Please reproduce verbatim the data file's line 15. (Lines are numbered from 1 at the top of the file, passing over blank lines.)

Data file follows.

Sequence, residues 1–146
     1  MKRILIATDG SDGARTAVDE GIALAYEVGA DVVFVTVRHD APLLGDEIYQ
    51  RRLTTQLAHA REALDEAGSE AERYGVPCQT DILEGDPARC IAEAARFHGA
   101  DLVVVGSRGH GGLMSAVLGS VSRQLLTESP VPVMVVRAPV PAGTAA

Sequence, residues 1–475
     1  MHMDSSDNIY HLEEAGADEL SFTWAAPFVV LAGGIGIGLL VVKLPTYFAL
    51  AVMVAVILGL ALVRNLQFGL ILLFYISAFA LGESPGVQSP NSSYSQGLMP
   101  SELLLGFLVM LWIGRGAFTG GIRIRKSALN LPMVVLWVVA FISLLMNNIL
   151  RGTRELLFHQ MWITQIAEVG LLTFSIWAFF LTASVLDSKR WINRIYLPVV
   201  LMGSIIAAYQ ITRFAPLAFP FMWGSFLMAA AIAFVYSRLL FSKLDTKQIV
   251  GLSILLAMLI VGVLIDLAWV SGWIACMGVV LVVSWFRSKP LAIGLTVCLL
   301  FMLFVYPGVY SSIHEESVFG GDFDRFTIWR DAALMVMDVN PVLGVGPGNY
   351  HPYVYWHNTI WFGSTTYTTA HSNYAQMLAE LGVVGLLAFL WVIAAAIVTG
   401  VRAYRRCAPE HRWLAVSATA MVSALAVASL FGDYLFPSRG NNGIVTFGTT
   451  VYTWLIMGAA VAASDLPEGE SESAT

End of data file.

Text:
   451  VYTWLIMGAA VAASDLPEGE SESAT